Does educational technology exist to make schools “hip” and placate taxpayers?

Larry Cuban argues that we only have new technologies in classrooms in order to placate (mostly non-parental) taxpayers and politicians, so that schools can seem “modern” and “with it.”  Computers and so forth are just there as a status symbol, just like an ipod/iphone, or a nice car or dress (he actually used those analogies).  I’m not really buying the argument.  First, are schools awash in new technologies?  When you visit your local school, does it seem “modern” and “with it”?  9 times out 10, I’d say not exactly, with richer private schools being the usual exception.

If this argument is correct, then why are technologies only being bought for schools now?  Why not 50 years ago, 100 years ago?  There were never TVs in every classroom, and 100 years ago there were no calls for “1 horse per child” or “1 locomotive per school” even though horses were just as much a ‘status symbol’ as computers and cell phones are supposedly today.

What’s the difference now?  What’s different about computers (and interactive whiteboards, etc.)? Maybe it’s because teachers want it, students want it, parents want it, etc.   That’s not ‘resource dependence’ (satisfying taxpayers) at all.  In fact, the more something is likely to be a status symbol, the *less* likely teachers want it in the classroom, because it distracts from learning (such as iphones, etc.).  It was when computers and laptops became a commodity, an everyday phenomenon, that they started to grow more present in the classroom.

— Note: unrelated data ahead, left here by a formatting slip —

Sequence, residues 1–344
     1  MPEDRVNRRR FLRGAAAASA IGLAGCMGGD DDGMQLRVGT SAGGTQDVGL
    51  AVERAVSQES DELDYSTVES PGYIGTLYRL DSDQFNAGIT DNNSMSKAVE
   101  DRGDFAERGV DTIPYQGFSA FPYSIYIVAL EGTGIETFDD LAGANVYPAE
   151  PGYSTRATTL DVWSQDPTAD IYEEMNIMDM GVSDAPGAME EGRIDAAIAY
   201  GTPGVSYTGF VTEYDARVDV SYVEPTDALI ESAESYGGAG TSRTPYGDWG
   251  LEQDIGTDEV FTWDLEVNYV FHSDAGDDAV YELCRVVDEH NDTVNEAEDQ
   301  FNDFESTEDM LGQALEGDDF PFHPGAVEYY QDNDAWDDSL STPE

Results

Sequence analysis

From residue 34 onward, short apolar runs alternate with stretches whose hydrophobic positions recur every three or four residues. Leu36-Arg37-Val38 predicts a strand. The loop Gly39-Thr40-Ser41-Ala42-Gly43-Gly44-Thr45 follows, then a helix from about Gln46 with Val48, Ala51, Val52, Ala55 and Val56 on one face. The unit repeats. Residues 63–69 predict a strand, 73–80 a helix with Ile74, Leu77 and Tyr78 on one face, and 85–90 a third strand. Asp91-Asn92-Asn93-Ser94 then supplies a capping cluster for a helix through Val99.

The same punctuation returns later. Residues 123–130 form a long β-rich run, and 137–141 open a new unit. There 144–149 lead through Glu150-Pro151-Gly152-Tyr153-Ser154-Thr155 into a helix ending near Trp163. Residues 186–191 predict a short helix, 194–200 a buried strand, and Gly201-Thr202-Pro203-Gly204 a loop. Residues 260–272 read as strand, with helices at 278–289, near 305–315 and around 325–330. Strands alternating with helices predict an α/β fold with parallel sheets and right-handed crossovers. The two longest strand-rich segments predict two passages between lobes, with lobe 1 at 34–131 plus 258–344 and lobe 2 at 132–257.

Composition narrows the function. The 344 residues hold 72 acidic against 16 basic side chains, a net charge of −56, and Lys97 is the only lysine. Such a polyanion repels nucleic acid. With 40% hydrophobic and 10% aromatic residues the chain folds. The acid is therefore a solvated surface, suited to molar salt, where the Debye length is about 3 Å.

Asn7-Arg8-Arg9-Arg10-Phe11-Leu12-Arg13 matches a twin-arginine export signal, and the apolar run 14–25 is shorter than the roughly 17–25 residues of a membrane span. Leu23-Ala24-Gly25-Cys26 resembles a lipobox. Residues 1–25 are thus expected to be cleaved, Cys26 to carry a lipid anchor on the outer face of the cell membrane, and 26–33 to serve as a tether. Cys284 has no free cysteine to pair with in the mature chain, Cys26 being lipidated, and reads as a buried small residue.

Posted in computers, edtech, education, teaching, technology, Uncategorized
One comment on “Does educational technology exist to make schools “hip” and placate taxpayers?
  1. John Nash says:

    The commodification of ICT in schools has, in some measure, propagated the myths of education computing offered by Maddux over 20 years ago:

    – computers should be brought into educational settings simply because they are there,
    – mere exposure to computers will be beneficial to students,
    – computers ought to be used for any and all tasks for which software is available or imaginable, and
    – if provided in sufficient quantity, quality will follow.

    In my estimation, it’s imperative that school leaders be clear about the outcomes, or changes, the seek from students and teachers, and only then link the use of ICT as a means to those ends.


    Maddux, C. (1988). Preface to a special issue on assessing the impact of computer based instruction. Computers for Schools, 5(3), 1-10.

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